As Software Testers, we have to frequently imagine the unimaginable. Through experience we learn, adapt and prepare for the next time we encounter similar circumstances. Recently, I found a particular annoyingly awkward bug and was able to draw from experience to not only identify but also explain very quickly without too much investigation why this bug was happening. I was able to do this as I had encountered an almost identical bug a couple of years previously. This made me start thinking about some of the trickiest bugs I had ever seen and their root causes. How common certain "bug patterns" were and how I would approach the symptoms of one of these "bug patterns" now compared to the first time I saw them.
I decided I was going to try document the behaviour, symptoms and causes of these bug patterns. Then I gave them silly names to help remember them.
1. The needle in a haystack bug - This is a rare bug which only occurs in a single very specific circumstance, but it avoids detection as it hides among thousands upon thousands of other circumstances which all work correctly. Imagine an input which accepts a value from 1 to 9999999 but only breaks if that value is specifically 4528183. These bugs tend to be stumbled upon accidentally and are generally found through a mixture of exploratory testing and pure blind luck.
2. The positively helpful bug - This is a friendly bug that instead of causing something to break, it makes something work exactly as was intended. No-one has spotted it exists because nothing appears to be broken. The positive helpful bug has been there for a significant amount of time. It keeps everyone happy by making software do exactly what it's supposed to do. Until one day it is unexpectedly removed. Someone saw the bug while they were re-factoring the code and killed it. Now the positive helpful bug is dead, all the code is broken and no-one can easily see why.
3. The crouching tiger hidden bug - This is actually a combination of two bugs. The first bug is usually some kind of logic bug which prevents the code containing the second bug from ever executing. It's only when the crouching tiger is fixed, that the hidden bug is revealed.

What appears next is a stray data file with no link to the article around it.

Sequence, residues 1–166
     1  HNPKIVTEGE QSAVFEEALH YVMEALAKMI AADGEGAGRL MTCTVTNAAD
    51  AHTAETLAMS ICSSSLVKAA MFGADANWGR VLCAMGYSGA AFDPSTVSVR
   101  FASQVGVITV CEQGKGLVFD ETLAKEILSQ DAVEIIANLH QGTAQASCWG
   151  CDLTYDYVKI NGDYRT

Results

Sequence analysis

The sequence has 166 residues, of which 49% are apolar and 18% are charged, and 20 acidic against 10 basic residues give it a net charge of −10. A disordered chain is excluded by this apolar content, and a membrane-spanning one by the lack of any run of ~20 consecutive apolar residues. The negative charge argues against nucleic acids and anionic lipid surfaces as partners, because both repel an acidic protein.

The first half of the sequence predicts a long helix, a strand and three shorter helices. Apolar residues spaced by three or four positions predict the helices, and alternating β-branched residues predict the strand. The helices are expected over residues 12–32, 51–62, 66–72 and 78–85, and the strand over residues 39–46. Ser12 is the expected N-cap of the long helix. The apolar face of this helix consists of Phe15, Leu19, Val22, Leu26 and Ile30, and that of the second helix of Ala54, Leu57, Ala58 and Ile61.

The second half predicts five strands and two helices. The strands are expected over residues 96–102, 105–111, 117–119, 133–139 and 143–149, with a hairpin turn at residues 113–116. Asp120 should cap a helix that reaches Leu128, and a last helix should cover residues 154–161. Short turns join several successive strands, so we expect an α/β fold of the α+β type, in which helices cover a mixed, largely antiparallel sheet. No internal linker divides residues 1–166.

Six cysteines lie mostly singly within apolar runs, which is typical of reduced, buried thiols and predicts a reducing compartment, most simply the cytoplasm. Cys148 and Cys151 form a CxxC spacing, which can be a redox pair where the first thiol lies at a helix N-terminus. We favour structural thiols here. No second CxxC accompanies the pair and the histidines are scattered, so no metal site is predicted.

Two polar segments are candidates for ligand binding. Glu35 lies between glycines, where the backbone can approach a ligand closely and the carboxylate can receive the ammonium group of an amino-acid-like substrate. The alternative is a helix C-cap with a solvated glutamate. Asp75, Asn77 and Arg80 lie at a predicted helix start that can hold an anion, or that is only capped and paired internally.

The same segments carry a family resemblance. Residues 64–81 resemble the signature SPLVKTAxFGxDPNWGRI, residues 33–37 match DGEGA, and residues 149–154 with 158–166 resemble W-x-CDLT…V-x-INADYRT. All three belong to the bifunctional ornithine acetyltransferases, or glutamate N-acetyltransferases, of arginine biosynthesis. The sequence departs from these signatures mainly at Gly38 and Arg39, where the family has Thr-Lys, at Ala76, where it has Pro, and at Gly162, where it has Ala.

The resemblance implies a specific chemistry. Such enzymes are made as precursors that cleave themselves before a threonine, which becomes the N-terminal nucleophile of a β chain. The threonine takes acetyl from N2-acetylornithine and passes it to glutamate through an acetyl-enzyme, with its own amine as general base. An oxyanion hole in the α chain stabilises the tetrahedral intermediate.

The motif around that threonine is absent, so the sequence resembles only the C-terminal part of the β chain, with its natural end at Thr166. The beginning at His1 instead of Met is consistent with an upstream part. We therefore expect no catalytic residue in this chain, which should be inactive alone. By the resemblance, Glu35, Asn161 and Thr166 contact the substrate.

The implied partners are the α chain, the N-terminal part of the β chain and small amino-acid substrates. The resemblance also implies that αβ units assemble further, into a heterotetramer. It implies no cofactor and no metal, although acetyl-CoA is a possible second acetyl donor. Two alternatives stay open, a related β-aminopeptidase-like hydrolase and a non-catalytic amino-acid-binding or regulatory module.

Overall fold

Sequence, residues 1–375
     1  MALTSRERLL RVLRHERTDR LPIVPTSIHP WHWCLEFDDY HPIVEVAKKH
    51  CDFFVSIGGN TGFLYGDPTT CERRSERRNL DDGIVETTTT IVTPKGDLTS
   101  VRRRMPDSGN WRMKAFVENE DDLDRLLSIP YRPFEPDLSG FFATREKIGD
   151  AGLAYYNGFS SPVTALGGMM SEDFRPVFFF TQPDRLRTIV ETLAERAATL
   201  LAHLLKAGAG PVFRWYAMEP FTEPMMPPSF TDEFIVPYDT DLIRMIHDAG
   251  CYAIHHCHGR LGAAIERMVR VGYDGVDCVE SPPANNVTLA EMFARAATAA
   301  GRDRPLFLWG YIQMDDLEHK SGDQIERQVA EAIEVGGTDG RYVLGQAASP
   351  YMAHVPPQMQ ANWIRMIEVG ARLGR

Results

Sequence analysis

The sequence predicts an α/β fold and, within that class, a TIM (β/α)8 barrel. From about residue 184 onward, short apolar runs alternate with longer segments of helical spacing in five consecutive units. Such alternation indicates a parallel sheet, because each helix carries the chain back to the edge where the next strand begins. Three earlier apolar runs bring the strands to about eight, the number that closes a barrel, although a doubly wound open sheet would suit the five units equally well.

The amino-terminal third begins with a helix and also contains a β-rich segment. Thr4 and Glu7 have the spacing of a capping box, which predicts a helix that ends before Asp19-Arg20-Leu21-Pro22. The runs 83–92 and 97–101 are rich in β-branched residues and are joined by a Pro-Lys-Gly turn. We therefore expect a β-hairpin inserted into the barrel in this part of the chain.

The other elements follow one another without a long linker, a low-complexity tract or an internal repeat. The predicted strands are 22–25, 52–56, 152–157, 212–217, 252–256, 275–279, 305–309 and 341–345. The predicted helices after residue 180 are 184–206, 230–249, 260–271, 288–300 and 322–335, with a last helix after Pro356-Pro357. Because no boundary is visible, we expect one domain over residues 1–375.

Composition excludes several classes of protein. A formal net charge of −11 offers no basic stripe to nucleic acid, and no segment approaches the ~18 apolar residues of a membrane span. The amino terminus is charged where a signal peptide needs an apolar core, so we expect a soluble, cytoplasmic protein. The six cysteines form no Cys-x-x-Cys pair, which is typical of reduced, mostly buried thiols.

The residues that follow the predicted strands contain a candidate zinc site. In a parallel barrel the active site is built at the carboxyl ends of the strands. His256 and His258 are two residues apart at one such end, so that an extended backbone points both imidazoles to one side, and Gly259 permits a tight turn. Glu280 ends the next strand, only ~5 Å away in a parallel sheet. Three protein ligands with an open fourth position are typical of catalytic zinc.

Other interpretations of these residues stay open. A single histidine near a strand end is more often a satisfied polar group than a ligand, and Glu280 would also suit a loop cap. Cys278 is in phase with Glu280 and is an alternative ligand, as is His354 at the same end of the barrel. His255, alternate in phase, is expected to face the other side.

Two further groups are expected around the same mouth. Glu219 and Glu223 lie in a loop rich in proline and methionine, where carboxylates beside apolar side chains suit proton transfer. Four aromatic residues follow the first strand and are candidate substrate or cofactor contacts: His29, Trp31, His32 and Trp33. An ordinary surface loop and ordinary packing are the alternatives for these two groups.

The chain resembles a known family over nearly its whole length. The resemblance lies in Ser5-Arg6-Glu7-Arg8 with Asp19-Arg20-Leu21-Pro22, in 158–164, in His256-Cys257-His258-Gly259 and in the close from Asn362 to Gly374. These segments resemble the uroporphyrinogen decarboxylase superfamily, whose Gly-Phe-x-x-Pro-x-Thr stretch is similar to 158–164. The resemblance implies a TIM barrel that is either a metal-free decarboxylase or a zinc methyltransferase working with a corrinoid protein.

4. The longest journey bug - This bug usually makes it's debut appearance towards the end of a long day spent performing exploratory testing. It appears once and only once. That is until a few weeks later, when it makes its encore appearance and no-one can work out why. The longest journey bug is essentially a bug that is tucked away at the end of a very long path. Surprisingly even though on the surface it appears to be unreproducible, it's actually 100% reproducible. Only unlike a regular bug, the number of steps which must be followed to recreate it are in the hundreds or thousands. An example of a longest journey bug would be software which gradually increments a value as the software is used, until this value reaches a size that is just too big for the software to handle at which point the bug manifests.
5. The all the planets are aligned bug- This an especially rare bug that is conditional on a number of factors which rarely occur simultaneously, all occurring simultaneously. Imagine a date that only breaks when both the day and the month are 9 characters long. You would only ever see a problem with it on Wednesdays in September. Just like when all the birds stop singing during a solar eclipse, these bugs can feel quite weird when you experience them for the first time. Incidentally, the 19th January 2038 should be a fun day for anyone working with software that stores dates as 32-bit integers.
6. The far too obvious to be a bug, bug - This is the bug that doesn't make any attempt to hide. It is and always has been in plain sight. Everyone on the team has seen it every day for the last 6 months. But for some reason it's never been reported as a defect because seems "far too obvious" to be a bug. No-one says anything because "If that was a genuine bug, someone else would have already reported it by now". It usually takes either a confident experienced tester to challenge the far too obvious bug or a naive new starter that is looking at the software for the first time to find these kind of issues.
This post was also published on my company's blog Scott Logic Blog